The classroom should be our secret weapon against racism. Most would agree that education has a crucial role to play in bringing about a fair and just society.
But now, more than ever, after the atrocities in London and the murder of Liverpool teenager Anthony Walker, it is important we understand how to help our children learn to respect themselves and each other, so they may build a society which is based on respect and understanding.
Schools, particularly primaries, are charged with one of the most important tasks in racial-equality education - "to get them early". One in Rachub, a small village outside Bethesda, in Gwynedd, has developed an amazing anti-racism project.
Many race-equality professionals in Wales might not look for one of the best teaching examples in an area where black faces are hard to come by.
Very few, I suspect, would have expected to find a good race-equality project outside the multi-ethnic cities of Cardiff, Wrexham and the like.
And those who see communities in north-west Wales as insular, elitist and racist towards non-Welsh language speakers might also be surprised. But at the Commission for Racial Equality Wales, we delight in giving a kick or two to tired stereotypes.
Partially sponsored by British Telecom, the direction and urgency of the project at Ysgol Llanllechid was inspired by the BBC TV programme, The Secret Policeman. It exposed racism among new recruits at a police training centre in Cheshire, some of whom worked for the North Wales constabulary.
Teacher Hanna Huws, with other teaching staff, helped Year 5 and 6 pupils produce an anti-racism video called 'Tackle Racism', which documented their thoughts and feelings about discrimination and racism following a visit from dub poet Benjamin Zephaniah, and a twinning with a school in Kingston, Jamaica.
It was the slate quarries dominating the school's landscape that drove Hanna to find a school in Jamaica. She wanted her pupils to have the opportunity to bond and empathise with new Jamaican friends, as their ancestors had suffered at the hands of the family that owned the quarry.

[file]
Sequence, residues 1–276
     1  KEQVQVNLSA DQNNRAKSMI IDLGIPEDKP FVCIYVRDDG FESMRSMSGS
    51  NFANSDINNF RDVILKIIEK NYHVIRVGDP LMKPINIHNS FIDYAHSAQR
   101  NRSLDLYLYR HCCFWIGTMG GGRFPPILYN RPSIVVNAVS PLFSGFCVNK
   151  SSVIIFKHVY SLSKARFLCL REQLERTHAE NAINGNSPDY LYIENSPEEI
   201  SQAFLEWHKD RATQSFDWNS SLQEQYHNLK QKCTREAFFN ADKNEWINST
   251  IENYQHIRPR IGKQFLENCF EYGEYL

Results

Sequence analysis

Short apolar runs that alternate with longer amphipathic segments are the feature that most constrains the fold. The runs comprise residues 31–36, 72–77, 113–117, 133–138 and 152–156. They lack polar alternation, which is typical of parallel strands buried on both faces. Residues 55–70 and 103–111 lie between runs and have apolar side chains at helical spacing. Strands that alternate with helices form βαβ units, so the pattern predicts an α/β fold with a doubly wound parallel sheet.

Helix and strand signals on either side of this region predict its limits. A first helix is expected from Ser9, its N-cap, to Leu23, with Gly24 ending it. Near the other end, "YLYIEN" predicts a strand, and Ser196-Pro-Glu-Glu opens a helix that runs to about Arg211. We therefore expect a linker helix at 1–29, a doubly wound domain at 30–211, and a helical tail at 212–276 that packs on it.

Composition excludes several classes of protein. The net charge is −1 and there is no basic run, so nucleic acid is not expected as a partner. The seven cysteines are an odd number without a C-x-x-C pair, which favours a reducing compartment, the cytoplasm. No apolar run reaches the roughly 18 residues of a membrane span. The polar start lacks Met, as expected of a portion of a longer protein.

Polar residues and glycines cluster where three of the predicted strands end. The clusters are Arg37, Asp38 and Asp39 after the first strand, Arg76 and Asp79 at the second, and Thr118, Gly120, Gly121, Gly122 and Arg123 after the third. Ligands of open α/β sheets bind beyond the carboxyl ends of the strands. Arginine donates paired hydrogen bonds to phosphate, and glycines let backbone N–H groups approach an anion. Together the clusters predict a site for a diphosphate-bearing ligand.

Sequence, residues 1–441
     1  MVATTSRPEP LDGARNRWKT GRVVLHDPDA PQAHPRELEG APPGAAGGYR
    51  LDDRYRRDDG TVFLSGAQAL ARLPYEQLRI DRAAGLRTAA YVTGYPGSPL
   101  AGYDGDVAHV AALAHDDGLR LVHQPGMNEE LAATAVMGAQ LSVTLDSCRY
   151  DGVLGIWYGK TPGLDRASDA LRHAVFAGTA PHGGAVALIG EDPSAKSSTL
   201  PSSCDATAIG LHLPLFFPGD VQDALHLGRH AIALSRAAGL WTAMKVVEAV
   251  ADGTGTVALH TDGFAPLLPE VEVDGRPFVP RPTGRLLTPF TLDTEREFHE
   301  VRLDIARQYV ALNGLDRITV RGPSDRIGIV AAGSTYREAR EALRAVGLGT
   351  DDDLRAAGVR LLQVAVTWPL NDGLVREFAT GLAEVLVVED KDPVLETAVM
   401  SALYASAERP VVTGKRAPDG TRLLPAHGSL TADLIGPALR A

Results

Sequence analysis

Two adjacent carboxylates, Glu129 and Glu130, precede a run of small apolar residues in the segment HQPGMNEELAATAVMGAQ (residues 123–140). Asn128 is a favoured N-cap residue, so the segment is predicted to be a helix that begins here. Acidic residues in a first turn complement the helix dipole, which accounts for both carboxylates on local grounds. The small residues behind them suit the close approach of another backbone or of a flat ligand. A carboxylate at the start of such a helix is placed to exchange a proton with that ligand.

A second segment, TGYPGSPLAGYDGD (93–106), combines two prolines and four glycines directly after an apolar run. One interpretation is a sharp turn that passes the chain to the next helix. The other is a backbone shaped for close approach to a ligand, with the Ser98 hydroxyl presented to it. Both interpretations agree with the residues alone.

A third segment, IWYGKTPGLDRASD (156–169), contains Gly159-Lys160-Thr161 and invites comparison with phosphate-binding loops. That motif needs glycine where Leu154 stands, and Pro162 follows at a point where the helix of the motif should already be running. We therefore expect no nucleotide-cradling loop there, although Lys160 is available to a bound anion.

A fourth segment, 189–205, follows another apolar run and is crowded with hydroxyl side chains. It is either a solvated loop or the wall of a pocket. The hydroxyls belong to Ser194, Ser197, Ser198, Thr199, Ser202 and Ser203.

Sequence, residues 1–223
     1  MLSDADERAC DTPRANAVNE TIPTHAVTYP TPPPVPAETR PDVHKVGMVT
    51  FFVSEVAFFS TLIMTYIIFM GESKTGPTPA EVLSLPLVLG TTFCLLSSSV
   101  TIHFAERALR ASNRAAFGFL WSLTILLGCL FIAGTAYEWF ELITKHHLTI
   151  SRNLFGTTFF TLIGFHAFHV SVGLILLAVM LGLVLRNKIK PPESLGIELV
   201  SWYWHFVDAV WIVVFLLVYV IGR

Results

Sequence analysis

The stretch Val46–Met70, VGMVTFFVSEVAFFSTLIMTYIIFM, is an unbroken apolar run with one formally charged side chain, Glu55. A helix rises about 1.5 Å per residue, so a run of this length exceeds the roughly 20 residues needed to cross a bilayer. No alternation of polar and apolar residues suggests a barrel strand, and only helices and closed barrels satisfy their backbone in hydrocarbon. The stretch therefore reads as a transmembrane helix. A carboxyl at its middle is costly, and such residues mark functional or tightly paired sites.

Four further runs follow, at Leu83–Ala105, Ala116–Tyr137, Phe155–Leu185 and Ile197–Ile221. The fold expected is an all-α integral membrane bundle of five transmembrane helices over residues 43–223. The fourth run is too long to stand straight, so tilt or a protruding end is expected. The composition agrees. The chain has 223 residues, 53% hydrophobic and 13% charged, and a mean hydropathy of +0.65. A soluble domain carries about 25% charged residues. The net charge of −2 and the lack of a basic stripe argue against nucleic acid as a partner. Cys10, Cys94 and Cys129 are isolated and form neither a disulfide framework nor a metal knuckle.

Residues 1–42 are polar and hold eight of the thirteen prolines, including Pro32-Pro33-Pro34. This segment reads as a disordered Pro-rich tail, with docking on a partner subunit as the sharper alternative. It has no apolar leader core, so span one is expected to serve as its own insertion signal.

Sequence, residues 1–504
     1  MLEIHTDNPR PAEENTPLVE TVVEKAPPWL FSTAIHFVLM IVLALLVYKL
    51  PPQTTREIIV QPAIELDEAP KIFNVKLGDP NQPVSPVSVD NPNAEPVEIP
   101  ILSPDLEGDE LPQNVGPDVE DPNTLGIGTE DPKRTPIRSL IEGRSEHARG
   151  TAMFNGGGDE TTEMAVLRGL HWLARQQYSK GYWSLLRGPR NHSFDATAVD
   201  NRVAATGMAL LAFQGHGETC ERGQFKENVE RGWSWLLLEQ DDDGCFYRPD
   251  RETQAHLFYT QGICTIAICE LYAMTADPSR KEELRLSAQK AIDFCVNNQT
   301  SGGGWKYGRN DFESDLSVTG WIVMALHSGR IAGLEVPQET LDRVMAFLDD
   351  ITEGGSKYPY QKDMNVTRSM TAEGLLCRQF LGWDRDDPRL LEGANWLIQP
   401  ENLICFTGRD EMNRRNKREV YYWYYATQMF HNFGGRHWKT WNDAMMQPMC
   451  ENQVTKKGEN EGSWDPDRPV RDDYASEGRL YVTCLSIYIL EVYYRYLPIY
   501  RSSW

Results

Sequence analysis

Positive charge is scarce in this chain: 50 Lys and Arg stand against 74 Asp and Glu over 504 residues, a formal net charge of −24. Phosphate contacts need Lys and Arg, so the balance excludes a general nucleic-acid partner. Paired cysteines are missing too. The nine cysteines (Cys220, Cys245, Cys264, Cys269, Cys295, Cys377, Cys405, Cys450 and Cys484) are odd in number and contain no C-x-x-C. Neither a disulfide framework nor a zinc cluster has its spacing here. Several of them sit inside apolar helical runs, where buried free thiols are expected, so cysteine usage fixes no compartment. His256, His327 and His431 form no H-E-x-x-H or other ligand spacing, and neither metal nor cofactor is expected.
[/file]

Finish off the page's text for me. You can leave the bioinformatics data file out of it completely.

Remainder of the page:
The Penrhyn family profited from sugar and slaves in Jamaica, and were the target of Britain's longest industrial dispute - the 1900-3 strike at the slate quarry in Bethesda. Moreover, as this multi-layered project involved Welsh-language pupils speaking English to Patois-speaking Jamaicans, this in itself led many to fully understand what it is to be different.
One pupil taking part in an exercise, the daughter of an English incoming family, described a young, mixed-race girl from Cardiff as "a wonderful little girl", rather than define her by the colour of her skin. Later, in perfect Welsh, she explained that she was proud of being both English and Welsh.
Hanna gives pupils the ability to empathise and understand. She challenges their perspectives and prejudices in a way that is relevant to their circumstances. The project is weaved into everyday teaching and is fully supported by the head.
It is clear that Ysgol Llanllechid believes that a school with few or no ethnic-minority pupils also has a role to play in eradicating racism and valuing diversity.
We live in cynical times, when "looking a bit foreign" can lead to panic-induced stares, verbal abuse or worse. Recent police figures have shown a significant increase in the number of racial incidents in Wales since the July 7 bombings in London. From July 7-28, the largest rise was in the North Wales police area, where there were 64 reported cases compared to 20 in the same period in 2004.
Developments in technology and work patterns mean that all youngsters are likely to meet people from many backgrounds. The staff at Ysgol Llanllechid are preparing pupils for life. There can be no more important task.
Carys Thomas is press officer for the Commission for Racial Equality Cymru.